Academics

Health Watch

This page is designed to provide current information regarding health issues which impact the university community. We will post health alerts and official university advisories here for your convenience. A list of helpful websites are also available here for further reference.

2013-2014 Seasonal Flu Information

CDC recommends a yearly flu vaccine for everyone as the first and most important step in protecting against this serious disease. While there are many different flu viruses, the flu vaccine is designed to protect against the three main flu strains that research indicates will cause the most illness during the flu season. Getting the flu vaccine soon after it becomes available each year is always a good idea, and the protection you get from vaccination will last throughout the flu season.

Alcorn's Status

Alcorn's three campuses are all operating under normal conditions. If there is a decision to move to a restricted or limited activity status, students and employees will be notified here and through the ConnectED emergency notification system. If you are not signed up to receive emergency notifications, click here for more information.

Safety Precautions

Here are simple things you can do to avoid catching or spreading any flu virus:

WASH YOUR HANDS
Wash your hands thoroughly with soap and water or use an alcohol based hand sanitizer.

AVOID CLOSE CONTACT
Limit contact with individuals who are sick, and if you are sick, isolate yourself from others as much as possible.

TREAT SYMPTOMS
Drink plenty of fluids, get plenty of rest and take a fever reducer like acetaminophen or an NSAID. If your symptoms are severe, or you are at risk for flu complications, you should seek medical attention promptly.

COVER IT
Cough or sneeze into a tissue or the bend of your elbow, never into your hands. Toss tissues in the trash after one use.

HIBERNATE
Stay home or in your dorm room unless absolutely necessary. How long should you hibernate? The CDC recommends that you stay isolated for at least 24 hours after your fever is gone except to get medical care or for other things you have to do and no one else can do for you. (Your fever should be gone without the use of a fever-reducing medicine, such as Tylenol.) You should stay home from work, school, travel, shopping, social events, and public gatherings.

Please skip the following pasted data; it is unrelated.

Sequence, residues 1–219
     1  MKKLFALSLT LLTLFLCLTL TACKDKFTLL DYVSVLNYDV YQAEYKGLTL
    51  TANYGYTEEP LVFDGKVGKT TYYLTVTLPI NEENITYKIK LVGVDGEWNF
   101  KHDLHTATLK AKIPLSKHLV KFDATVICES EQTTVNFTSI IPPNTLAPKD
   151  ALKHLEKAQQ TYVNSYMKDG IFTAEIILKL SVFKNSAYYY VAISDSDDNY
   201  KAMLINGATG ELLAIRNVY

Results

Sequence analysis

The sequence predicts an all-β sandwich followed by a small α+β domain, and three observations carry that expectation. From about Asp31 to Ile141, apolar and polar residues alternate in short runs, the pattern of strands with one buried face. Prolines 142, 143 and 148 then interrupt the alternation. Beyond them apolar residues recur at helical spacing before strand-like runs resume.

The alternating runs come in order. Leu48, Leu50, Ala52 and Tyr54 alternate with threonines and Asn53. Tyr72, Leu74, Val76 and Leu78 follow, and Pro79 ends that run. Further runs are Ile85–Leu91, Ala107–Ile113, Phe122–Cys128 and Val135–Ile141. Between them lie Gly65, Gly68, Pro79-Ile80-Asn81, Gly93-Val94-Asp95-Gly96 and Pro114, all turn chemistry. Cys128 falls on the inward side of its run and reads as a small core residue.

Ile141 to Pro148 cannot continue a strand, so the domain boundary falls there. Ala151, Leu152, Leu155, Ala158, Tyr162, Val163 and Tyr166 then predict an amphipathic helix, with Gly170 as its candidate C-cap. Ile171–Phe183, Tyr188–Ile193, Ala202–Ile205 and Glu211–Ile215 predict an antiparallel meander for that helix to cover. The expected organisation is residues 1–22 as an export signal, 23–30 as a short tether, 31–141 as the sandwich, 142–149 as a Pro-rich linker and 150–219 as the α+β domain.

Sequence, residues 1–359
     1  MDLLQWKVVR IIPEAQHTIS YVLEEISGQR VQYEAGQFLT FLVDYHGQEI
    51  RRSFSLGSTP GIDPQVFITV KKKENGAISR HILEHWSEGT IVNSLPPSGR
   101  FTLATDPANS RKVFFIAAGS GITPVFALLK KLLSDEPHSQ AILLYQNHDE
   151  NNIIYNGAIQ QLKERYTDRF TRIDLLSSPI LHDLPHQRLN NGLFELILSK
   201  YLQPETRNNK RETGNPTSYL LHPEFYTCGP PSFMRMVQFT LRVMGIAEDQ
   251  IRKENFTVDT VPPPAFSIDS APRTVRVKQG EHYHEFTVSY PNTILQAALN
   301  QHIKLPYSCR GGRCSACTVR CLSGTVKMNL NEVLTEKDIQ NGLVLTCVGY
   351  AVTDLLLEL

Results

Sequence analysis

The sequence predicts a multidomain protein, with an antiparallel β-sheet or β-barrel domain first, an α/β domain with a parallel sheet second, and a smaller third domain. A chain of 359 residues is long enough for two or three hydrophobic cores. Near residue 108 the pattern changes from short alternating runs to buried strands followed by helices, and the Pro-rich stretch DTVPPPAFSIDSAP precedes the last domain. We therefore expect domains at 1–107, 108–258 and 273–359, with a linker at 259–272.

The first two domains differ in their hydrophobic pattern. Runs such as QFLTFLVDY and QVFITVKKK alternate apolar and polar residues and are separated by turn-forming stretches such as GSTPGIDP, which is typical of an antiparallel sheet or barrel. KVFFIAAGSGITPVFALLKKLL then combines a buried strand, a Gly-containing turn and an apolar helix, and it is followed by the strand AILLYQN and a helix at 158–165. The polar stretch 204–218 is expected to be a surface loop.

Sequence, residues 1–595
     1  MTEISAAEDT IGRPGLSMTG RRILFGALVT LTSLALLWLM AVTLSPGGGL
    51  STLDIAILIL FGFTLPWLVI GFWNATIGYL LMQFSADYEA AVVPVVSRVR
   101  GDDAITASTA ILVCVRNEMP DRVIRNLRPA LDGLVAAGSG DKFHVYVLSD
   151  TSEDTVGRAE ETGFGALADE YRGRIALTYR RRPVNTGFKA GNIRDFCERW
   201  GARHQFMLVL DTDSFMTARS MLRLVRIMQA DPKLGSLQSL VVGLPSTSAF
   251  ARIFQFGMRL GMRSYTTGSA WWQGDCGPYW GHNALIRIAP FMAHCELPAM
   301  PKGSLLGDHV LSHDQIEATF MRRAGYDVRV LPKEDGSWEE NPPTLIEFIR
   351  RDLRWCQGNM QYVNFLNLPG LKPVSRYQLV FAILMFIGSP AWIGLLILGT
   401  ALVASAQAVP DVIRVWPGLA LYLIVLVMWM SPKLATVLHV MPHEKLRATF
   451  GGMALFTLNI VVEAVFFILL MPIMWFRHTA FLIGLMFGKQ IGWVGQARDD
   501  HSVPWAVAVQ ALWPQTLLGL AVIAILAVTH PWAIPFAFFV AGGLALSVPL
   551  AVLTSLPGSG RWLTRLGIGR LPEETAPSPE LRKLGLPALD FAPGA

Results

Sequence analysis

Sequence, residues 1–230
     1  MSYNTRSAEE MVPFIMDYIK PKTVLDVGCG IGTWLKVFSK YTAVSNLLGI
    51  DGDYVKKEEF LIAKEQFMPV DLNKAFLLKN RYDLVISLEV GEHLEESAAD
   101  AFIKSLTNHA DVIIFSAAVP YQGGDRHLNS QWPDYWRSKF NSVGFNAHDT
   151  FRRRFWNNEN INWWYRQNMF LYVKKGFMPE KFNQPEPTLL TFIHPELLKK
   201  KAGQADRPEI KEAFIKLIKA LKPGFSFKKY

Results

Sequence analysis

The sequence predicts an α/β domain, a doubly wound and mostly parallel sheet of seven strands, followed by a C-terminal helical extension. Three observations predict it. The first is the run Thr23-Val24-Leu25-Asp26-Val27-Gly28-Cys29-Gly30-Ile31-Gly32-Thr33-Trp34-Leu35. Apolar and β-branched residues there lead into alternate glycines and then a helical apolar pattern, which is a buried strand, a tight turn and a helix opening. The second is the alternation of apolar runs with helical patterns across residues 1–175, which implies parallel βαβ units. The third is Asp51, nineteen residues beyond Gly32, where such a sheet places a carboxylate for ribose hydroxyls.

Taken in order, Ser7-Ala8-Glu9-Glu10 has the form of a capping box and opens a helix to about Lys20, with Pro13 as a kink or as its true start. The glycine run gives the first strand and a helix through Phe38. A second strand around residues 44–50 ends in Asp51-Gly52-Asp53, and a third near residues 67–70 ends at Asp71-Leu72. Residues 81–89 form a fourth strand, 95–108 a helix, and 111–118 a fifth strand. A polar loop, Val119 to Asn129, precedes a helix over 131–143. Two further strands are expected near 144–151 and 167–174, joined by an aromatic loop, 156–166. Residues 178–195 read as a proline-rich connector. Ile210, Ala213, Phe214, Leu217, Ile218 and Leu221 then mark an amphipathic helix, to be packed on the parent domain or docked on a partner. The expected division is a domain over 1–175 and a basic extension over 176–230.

How Does the Flu Spread?

The flu virus spreads through air in droplets when someone with the virus coughs, sneezes, laughs or talks. You can also become infected when you touch a surface on which the droplets have landed and then transfer the virus to your eyes, nose, or mouth.

What Are the Symptoms of Flu?

You may have the flu if you have some or all of these symptoms:

  • Fever, usually higher than 100⁰F, and chills
  • Sore throat
  • Headache
  • Body and muscle aches
  • Dry cough
  • Runny nose
  • Tiredness and weakness
  • Diarrhea and vomiting

Prevention and Treatment

In addition to the Safety Precautions listed above, the Center for Disease Control (CDC) recommends the use of antiviral medications for the treatment and/or prevention of infection with the flu virus. Antiviral drugs are prescription medicines (pills, liquid or an inhaled powder) that fight against the flu by keeping flu viruses from reproducing in your body. If you get sick, antiviral drugs can make your illness milder and make you feel better faster. They may also prevent serious flu complications.

It’s very important that antiviral drugs be used early (within the first 2 days of symptoms) to treat people who are very sick (such as those who are hospitalized) or people who are sick with flu symptoms and who are at increased risk of severe flu illness, such as pregnant women, young children, people 65 and older and people with certain chronic health conditions.

For more information call or come by the Felix H. Dunn Health Services Center at601.877.6460

Helpful Links

Take a look at some very short, creative PSAs produced for the U. S. Department of Health and Human Serviceshttp://www.youtube.com/usgovhhs

Visit FLU.gov for more vital information
www.flu.gov

The Center for Disease Control
http://www.cdc.gov/flu/

The Mississippi Department of Health
http://www.msdh.state.ms.us/msdhsite/_static/14,0,199.html